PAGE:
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Crowns & Bridges

Crowns: Is it right for me ?
Crowns (or Caps) are dental restorations that are placed over a tooth when conservative restorations are insufficient to restore the function of teeth. They are indicated for fractured teeth, Root canal treated teeth, teeth with large broken down fillings thereby protecting and preserving the underlying natural tooth.

They are of the following types:-

  • Metal
  • Metal in overlaid ceramic
  • All ceramic PROCERA®

All Ceramic Crowns are not only are more esthetic and tissue friendly but also as strong as ceramic metal crowns.


If you have missing teeth, a bridge prevents the remaining natural teeth from shifting, so that dental arch integrity and esthetics are not compromised. They are permanent, fixed alternatives to tedious removable partial dentures.

The missing teeth are replaced with an artificial tooth connected between 2 crowns (caps) that are permanently connected on the adjacent teeth. They are either ceramic-metal bridges or the recent PROCERA® All Ceramic Bridges.

Why Would You Need Root Canal Treatment?

Root canal treatment is needed for two main reasons:

  1. Infection or
  2. Irreversible damage to the pulp.

Once the pulp becomes infected, the infection can affect the bone around the tooth, causing an abscess to form.

The goal of root canal treatment is to save the tooth by removing the infected or damaged pulp, treating any infection, and filling the empty canals with an inert material. If root canal treatment is not done, the tooth may have to be extracted.

It is better to save your natural teeth whenever possible. Why ?

  • If a tooth is missing, neighboring teeth can drift out of line and can be overstressed.
  • Keeping your natural teeth also helps you to avoid more expensive and extensive treatments, such as implants or bridges.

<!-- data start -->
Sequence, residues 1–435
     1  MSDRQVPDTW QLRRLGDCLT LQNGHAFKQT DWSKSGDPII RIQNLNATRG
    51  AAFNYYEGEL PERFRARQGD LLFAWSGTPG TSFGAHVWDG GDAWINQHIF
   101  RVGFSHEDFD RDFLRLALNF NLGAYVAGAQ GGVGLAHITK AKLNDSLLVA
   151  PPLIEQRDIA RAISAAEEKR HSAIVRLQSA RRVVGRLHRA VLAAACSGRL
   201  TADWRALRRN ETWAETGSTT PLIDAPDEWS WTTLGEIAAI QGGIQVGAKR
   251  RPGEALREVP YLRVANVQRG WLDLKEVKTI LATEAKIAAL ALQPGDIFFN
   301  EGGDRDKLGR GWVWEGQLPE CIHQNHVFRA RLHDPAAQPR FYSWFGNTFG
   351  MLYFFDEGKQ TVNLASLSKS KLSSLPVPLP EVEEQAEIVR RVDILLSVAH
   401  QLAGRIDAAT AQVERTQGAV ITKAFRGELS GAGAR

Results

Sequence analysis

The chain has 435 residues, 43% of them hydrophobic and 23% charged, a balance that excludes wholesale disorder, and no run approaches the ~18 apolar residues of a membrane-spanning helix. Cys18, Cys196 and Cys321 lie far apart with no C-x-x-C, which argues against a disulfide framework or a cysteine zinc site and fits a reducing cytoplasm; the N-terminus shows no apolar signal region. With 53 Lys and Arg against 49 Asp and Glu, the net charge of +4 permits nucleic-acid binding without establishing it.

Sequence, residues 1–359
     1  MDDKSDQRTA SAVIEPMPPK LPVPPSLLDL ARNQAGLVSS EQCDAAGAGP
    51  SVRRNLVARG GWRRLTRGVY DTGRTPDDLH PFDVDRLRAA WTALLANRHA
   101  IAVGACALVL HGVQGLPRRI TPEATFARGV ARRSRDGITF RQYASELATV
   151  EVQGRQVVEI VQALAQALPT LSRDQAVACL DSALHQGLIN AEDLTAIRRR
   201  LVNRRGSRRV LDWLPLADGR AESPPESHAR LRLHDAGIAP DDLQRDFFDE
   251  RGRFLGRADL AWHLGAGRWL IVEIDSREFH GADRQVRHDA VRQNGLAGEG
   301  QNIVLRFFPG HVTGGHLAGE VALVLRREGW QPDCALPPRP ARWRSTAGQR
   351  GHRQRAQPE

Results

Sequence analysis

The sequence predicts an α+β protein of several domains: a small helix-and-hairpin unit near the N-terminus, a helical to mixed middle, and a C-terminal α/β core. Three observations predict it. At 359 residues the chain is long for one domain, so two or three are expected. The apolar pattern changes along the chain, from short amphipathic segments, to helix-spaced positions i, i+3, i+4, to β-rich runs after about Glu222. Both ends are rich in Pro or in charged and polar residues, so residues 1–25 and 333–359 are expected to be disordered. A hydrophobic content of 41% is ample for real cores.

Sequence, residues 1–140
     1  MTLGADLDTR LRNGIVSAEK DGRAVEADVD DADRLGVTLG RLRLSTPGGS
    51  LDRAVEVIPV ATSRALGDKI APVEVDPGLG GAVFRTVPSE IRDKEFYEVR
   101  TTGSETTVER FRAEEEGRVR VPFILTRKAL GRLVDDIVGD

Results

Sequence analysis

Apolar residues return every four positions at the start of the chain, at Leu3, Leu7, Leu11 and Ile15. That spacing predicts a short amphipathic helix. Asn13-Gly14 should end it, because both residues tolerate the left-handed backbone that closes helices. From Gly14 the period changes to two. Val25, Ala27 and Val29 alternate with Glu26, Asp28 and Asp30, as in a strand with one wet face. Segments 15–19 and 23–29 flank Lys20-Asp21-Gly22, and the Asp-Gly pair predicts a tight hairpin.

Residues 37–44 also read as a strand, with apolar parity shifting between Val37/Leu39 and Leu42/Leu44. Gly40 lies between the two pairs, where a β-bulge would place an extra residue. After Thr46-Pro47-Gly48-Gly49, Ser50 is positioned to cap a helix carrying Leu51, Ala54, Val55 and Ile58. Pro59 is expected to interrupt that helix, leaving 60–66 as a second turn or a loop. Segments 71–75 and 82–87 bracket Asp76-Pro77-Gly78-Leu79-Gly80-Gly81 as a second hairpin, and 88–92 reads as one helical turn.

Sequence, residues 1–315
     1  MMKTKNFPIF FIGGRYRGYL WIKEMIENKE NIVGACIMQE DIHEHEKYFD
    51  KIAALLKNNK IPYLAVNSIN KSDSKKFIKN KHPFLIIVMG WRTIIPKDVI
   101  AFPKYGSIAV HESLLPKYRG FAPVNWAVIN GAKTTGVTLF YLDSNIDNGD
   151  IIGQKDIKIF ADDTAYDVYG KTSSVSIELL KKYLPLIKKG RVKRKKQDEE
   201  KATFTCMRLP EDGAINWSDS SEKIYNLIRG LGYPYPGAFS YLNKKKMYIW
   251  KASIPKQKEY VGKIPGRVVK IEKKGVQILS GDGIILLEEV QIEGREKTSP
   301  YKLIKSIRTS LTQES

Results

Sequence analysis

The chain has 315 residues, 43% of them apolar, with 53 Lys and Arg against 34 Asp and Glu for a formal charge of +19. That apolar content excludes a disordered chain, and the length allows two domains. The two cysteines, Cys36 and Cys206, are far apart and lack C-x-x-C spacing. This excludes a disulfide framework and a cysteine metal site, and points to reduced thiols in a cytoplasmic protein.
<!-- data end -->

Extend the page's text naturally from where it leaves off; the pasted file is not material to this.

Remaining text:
• If an infected or injured tooth that needs root canal treatment is ignored, not only can you lose the tooth, but also the infection can spread to other parts of your body.

The tooth undergoing RCT is weakened, but if the tooth is covered with a crown after the root canal or, in some cases, restored with tooth-colored composite filling material, the tooth can last the rest of your life.

Length of Treatment

Root canal treatment can be done in one or more visits, depending on the situation. An infected tooth will need several appointments to make sure that the infection is eliminated. Some teeth may be more difficult to treat because of the position of the tooth, because they have many and curved root canals that are difficult to locate, or for other reasons. An uncomplicated root canal treatment often can be completed in one visit.

After Root Canal Treatment

Your tooth will be sore for two to three days after the procedure, and your dentist will tell you to avoid chewing on the affected side. The worse the infection and inflammation was prior to root canal treatment, the sorer the tooth will be after treatment. The doctor will prescribe pain relievers to ease the discomfort.